Sunday, August 30, 2020

Burning Wood, Paper and Books

My childrens' book "Redwood Tree and its Friends" was written from China Grade Road in the Big Basin State Park. 

  • This road was on fire last week.
  • The park headquarters got gutted (the gift shop carried this book for sale).  From here: " Six of seven employee-housing structures burned to the ground. Many wooden bridges over creeks are damaged. Wooden stairs and steps have been torched to coals. Ablutions blocks look like they’ve been bombed. Big trees are still thundering to the ground regularly on their own, and countless others are partially burned and will pose a deadly threat until they’re taken down. Small fires still burn in stumps and fallen trees. Steep hillsides are bare of vegetation and will be vulnerable to landslides. A utility building was cloven virtually in two by a felled fir. Power poles burned and lines are down into the park.  And an oft-photographed attraction, a sawn section of an ancient redwood, with tags pointing to growth rings from the tree’s birth in 544 AD log through the birth of Mohammed in 570 and the signing of the Declaration of Independence in 1776, has vanished into blowing ash."
  • Neighbor Bradley's vineyard (Big Basin Winery) has been impacted.
I hope friends  and colleagues remain protected from the fire and its aftermath. My thoughts are with the Redwood tree friends who have stood for many hundreds of years, and I hope will stand for many hundreds more.

Sunday, August 02, 2020

Covid Times

Darth Vader "I find your lack of faith in masks disturbing" with his choking fingerhold. Covid times, thanks to Disney+, we are all rediscovering Star Wars.

To my Facebook friends, please do not buy more drones for kids. Facebook is showing me drone ads incessantly. 

At troubled times, I look to Jazz. NY Jazz is alive on streams. Jazz is still wafting but hasn't nailed the Covid moment and human response to it. 

Sunday, June 07, 2020

COVID times

Yesterday I had NY-quality bagels made by neighbors in Mercer Island.

Artichokes and flowers in the garden.

Older: Daddy working on a piece of art: 5 year old says, "You are mysterious!"

Daddy in COVID times: the little one says "Chewie!" No longer, now more like Picard. 

Sunday, April 26, 2020

John Conway

I managed to join a zoom meeting yesterday to honor John Conway. Peter Winkler paid tribute with a story about the brick-stacking puzzle (was interesting to hear "skintle" in context of puzzles). Roger Penrose paid tribute with tilings but also an old classic,  Morley's Trisector Theorem. Others like Don Knuth appeared in the pre-meeting chat room, but I could not stay for the entire 3 hrs+ homage. Thanks to everyone!  JHC, RIP.  I was reminded that we are the math, friends and puzzles we leave behind.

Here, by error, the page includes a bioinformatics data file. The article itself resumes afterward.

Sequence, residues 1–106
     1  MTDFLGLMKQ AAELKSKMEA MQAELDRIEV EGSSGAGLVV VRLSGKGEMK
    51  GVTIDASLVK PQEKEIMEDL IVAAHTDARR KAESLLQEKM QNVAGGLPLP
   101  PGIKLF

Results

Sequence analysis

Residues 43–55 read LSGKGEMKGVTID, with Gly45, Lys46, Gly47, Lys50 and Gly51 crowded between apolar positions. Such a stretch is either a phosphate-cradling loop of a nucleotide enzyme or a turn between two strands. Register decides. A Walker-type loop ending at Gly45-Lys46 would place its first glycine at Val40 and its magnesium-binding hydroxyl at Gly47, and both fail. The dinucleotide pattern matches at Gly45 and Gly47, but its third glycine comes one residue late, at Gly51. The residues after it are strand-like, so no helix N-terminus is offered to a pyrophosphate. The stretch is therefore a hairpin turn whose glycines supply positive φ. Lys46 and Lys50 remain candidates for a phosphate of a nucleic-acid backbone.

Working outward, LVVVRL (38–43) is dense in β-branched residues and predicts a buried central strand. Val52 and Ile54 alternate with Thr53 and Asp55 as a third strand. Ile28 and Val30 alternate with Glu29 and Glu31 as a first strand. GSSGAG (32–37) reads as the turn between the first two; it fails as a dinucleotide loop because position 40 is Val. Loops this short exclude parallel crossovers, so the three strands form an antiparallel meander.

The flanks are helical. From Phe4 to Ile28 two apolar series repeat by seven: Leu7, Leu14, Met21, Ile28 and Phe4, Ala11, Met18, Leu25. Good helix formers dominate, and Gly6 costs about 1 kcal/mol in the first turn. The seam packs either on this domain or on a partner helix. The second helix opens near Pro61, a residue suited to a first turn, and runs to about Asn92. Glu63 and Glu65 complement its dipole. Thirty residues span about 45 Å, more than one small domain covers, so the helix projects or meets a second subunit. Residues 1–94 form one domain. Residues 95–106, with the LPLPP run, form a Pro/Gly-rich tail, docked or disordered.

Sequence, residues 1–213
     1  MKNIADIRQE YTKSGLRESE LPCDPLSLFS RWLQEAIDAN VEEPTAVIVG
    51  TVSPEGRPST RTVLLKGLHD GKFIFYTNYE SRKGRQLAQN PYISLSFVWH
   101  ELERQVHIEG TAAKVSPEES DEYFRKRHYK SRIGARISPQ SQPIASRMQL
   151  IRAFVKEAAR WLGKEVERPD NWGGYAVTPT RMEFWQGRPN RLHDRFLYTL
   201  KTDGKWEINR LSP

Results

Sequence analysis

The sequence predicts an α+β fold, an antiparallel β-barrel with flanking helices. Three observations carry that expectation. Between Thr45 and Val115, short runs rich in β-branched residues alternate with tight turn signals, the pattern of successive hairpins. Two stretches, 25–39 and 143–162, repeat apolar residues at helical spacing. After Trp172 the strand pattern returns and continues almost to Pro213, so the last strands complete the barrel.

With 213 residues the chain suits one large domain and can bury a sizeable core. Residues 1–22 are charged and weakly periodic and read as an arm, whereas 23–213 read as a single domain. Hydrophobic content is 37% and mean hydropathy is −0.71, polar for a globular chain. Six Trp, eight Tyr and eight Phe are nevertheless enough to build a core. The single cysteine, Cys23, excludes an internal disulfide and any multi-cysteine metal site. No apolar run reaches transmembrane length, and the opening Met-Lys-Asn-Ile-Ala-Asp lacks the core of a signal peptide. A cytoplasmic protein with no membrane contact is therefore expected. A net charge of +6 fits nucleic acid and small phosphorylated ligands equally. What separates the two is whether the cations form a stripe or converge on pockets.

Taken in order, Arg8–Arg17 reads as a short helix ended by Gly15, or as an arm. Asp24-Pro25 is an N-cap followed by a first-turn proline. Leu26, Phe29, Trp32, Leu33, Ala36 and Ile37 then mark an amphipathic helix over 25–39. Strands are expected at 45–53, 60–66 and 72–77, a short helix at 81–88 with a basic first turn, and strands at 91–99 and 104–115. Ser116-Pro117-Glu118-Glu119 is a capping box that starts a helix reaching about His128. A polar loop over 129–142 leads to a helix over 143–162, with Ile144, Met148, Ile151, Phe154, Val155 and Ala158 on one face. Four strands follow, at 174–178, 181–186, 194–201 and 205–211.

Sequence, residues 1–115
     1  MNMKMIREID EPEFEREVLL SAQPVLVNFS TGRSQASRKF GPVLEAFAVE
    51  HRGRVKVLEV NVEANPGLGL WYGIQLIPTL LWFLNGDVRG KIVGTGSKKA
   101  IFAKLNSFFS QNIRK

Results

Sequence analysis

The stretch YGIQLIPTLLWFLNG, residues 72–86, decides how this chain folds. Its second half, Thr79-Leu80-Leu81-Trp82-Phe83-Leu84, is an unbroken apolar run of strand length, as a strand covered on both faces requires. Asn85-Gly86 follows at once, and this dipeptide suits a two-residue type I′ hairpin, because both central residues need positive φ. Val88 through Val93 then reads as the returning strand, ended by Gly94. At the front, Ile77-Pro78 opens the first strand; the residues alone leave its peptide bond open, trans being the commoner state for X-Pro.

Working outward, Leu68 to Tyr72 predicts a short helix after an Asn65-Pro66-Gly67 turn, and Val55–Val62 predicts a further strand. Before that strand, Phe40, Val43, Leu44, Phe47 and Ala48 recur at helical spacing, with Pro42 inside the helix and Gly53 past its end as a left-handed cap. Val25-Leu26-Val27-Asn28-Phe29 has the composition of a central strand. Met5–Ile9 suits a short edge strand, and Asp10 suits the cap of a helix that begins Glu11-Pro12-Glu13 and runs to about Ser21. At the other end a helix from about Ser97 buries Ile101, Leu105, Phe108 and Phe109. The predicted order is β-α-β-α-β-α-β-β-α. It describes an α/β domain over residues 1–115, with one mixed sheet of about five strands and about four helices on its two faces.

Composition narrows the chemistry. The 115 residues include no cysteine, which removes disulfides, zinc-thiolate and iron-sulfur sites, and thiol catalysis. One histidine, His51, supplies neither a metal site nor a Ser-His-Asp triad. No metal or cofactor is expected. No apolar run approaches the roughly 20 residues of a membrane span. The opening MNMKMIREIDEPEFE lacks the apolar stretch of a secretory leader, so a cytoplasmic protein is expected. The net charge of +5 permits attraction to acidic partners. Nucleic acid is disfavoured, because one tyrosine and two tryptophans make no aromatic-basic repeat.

Friends Ada and Phillip have created a short hardware tribute to JHC, video embedded below. Ada and Phillip, thanks for repurposing your NYC manufacturing line to produce face shields and PPEs.  Loved the blog on the scientist who discovered the first coronavirus and the handsanitizer made in Detroit.


Sunday, April 12, 2020

On Progress in Science

Cyril Connolly said, "the greatest impediment to Science is the stroller in the hallway" (he said Art, but Science fits as Graham commented), but greater impediment is kids staying at home from school and greatest is kids staying at home doing Art.

Saturday, March 14, 2020


Here are questions in my mind:

Today I went to a grocery store and saw they were discounting nonessential items in an attempt to monetize the foot traffic.

Thoughts on my mind are for victims.

PS: Here is the NYT article on what Italians can accomplish.

"ROME — It started with the national anthem. Then came the piano chords, trumpet blasts, violin serenades and even the clanging of pots and pans — all of it spilling from people’s homes, out of windows and from balconies, and rippling across rooftops.

Finally, on Saturday afternoon, a nationwide round of applause broke out for the doctors on the medical front lines fighting the spread of Europe’s worst coronavirus outbreak."

On Representations of Love

The universal symbol for love should be the brain, not the heart. 

Tuesday, December 24, 2019

On and Off Travel

On why I don't like to travel to Hawaii in winters: It is basically Seattle West.

On why mice and birds don't like Cats: bad reviews!

I saw the Harlem Nutcracker in Seattle. The story centers around an African American family in Harlem at Christmas, highlighting the centrality and significance of the grandmother in African-American culture, the resilience of Black American families, and Harlem as a center of the African Diaspora." It is nutcracker, not classical music but Jazz, not ballet but liberating, reverbating and pulsating dance.  I didn't have tickets. I walked in. The ticket folks asked me to "hang around" and found a back stairs way for me to fill a seat in the rear. A man in front of me leaned back and gave me a program. No words needed. At the intermission, I paid for the ticket. When the show was over, I stood outside the theater. Well dressed people were leaving the performance, they walked by, smiled, offered a smart quip or two, and it was true NY in Seattle.

I am in travel through the incomparable New Mexico right now, but in the crisp winter mountain air are NY wafts.